A nice little 2020 perk for the eventing world (dare I say so myself!) is that EquiRatings quietly launched a new metric. We have taken the rating methodology used in chess, amongst many other sports, and applied it to eventing. This gives us one number by which to judge a horse and compare him/her against others. It is called the EquiRatings Eventing Elo.
As we all know, the term ‘horses for courses’ is appropriate in this game more than most. Each horse has a different portfolio of strengths and weaknesses, from dressage divas to cross-country speedsters. The consequence of this is a vast library of EquiRatings metrics. But we also shouldn’t complicate matters too much either. This is important. Too often we complicate matters, especially when the bare facts aren’t in our favour.
Sport is ultimately about beating opponents and the EquiRatings Eventing Elo does a very clever job of measuring this ability in a horse. It doesn’t just assess the number of opponents you beat, but also the quality of opponents you beat. This makes it highly effective at many jobs.
In this article I want to put the Elo to work. The opportunities are unlimited, but for now I will focus on the decision of whether or not to aim a horse at a CCI4*-L. We give five-star plenty of coverage, but the four-star long is obviously a more commonly targeted competition level and there is a great balance to be struck between risk and reward.
The qualification / MER (Minimum Eligibility Requirement)
For many, the reward at CCI4*-L is the qualification for the next level. Too often I feel that people are chasing qualifications without thinking constructively about whether it is the best move for that horse at that moment in time.
Assessing the sport between 2015 and 2020, 51.2% of starters in CCI4*-L competitions achieved a MER, meaning that 48.8% did not. It’s pretty much a coin-flip chance on paper. However, as one can readily accept, not every competitor carries the same chance of success or failure.
The graph below shows competitors grouped by their Elo rating coming into a competition. We then created two groups, competitors that achieved a MER (yellow) and those that failed (blue). The most common grouping is those with an Elo rating of 350 to 399. Very few competitors contest a CCI4*-L with an Elo higher than 650 – if your horse is above this threshold then it is a pretty elite equine athlete.
MER results by competitor Elos at CCI4*-L (2015-2020)
Competitors were grouped by their pre-competition Elo rating. The competitors in each Elo group were then divided into two categories: did they end up achieving a MER at the competition or not.
The reason the Elo is useful is that the 350 to 399 Elo category is also the tipping point regarding the chance of gaining a qualification (MER). EVERY category below an Elo of 400 has less than a 50% chance of achieving a MER and EVERY category above an Elo of 400 has greater than a 50% chance of achieving a MER.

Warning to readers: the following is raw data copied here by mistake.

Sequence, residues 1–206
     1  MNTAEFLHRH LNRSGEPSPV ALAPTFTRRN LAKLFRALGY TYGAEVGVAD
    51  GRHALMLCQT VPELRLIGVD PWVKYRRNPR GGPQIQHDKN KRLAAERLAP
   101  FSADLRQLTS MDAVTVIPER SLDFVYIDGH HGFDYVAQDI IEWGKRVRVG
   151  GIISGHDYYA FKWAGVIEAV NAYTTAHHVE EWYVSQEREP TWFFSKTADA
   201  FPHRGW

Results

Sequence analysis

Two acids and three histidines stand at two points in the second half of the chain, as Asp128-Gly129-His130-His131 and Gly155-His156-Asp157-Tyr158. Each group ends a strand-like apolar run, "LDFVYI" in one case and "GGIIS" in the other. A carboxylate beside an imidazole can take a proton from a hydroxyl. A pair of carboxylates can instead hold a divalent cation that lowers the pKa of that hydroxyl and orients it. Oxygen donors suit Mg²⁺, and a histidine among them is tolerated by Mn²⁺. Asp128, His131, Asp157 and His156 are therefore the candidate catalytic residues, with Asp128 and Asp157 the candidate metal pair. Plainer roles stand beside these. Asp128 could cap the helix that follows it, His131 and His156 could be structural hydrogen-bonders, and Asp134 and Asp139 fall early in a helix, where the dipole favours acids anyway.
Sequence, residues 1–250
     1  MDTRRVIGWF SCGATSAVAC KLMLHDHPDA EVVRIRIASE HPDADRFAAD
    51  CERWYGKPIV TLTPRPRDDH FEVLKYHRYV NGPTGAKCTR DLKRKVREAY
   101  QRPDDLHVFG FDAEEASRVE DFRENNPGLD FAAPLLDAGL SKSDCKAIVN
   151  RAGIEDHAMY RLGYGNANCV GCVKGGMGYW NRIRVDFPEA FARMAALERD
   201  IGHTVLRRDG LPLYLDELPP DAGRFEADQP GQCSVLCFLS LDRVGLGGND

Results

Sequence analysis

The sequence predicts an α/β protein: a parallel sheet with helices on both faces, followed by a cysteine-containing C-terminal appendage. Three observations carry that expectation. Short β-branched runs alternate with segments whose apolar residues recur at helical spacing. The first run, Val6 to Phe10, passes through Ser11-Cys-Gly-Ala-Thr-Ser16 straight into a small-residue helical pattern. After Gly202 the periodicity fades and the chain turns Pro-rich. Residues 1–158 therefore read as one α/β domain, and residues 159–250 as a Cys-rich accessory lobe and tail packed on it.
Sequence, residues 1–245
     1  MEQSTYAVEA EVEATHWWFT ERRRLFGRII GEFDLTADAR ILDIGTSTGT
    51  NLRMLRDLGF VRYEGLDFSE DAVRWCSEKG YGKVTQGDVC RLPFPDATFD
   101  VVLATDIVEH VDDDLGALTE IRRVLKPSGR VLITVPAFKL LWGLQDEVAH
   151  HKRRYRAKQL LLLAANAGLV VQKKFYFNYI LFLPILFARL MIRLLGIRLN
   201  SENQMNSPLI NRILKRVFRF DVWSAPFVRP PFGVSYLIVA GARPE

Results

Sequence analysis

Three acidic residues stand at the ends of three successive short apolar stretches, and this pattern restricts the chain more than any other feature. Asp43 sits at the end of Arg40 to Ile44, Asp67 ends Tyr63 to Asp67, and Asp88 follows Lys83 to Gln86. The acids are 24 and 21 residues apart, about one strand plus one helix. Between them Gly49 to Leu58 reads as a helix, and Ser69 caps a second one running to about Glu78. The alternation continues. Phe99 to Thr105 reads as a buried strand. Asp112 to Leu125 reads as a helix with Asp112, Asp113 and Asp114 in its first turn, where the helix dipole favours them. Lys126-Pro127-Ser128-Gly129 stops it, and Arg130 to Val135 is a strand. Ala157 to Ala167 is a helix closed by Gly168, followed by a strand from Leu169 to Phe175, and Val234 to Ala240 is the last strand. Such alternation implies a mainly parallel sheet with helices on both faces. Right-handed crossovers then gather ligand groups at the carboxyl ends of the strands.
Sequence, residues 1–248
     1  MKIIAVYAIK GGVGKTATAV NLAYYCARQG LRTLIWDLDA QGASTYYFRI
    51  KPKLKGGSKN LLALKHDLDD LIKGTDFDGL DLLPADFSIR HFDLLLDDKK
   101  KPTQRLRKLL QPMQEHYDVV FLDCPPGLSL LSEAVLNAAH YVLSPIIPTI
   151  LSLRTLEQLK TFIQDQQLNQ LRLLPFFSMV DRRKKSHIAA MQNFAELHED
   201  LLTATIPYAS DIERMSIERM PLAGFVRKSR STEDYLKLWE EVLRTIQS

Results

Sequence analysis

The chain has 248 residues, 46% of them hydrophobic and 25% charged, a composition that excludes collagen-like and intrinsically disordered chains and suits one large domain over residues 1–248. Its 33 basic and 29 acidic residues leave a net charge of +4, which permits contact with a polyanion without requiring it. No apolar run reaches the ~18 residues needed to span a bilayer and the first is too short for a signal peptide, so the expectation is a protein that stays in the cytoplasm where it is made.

Note that very competitive and successful horses will achieve an Elo of 400 long before they are even qualified for a CCI4*-L (junior horses and Le Lion d’Anger graduates etc), so 400 should not mean ‘step-up now’.
For horses in the 600 to 649 Elo category, the odds are 2:1 in favour of achieving the MER, while horses in the 200 to 249 Elo category are 2:1 against achieving the MER. You cannot guarantee outcomes in this sport, but you can stack the odds in your favour. Managing chance is the driving principle behind this company.
Setting the sights higher – A sub 40 finish
Only 16.2% of competitors at CCI4*-L from 2015 to 2020 finished on a score below 40 penalties. We’re now looking at an outcome achieved by 1 in 6 competitors rather than 1 in 2. What is also notable about this sub 40 outcome is how unlikely it becomes for horses with a lower Elo entering this competition level.
For the horses with an Elo of 650 or higher, a sub 40 is actually more likely than not - quite a remarkable observation given the average likelihood of such an outcome. However, for horses with an Elo below 350, we have seen just 32 sub 40 finishes from 1,388 attempts – a rate of just 2.3%.
Sub-40 results by competitor Elos at CCI4*-L (2015-2020)
Competitors were grouped by their pre-competition Elo rating. The competitors in each Elo group were then divided into two categories: did they end up achieving a sub 40 finish at the competition or not.
When it comes to achieving a low finishing score, the EquiRatings Elo starts to provide a very comprehensive picture, particularly for the low rated horses. Knowing what a number is telling you is our golden rule. A single metric is only a single layer of information, but there can be great benefit and usefulness within each layer.
Sam is a co-founder of EquiRatings, event rider on the Irish high performance team, and member of the silver medal-winning Team Ireland at the 2018 World Equestrian Games. As an equestrian and analyst in Management Science and Information Systems, Sam believes in both art and science. He lives in Ireland with his super-groom wife and two young sons.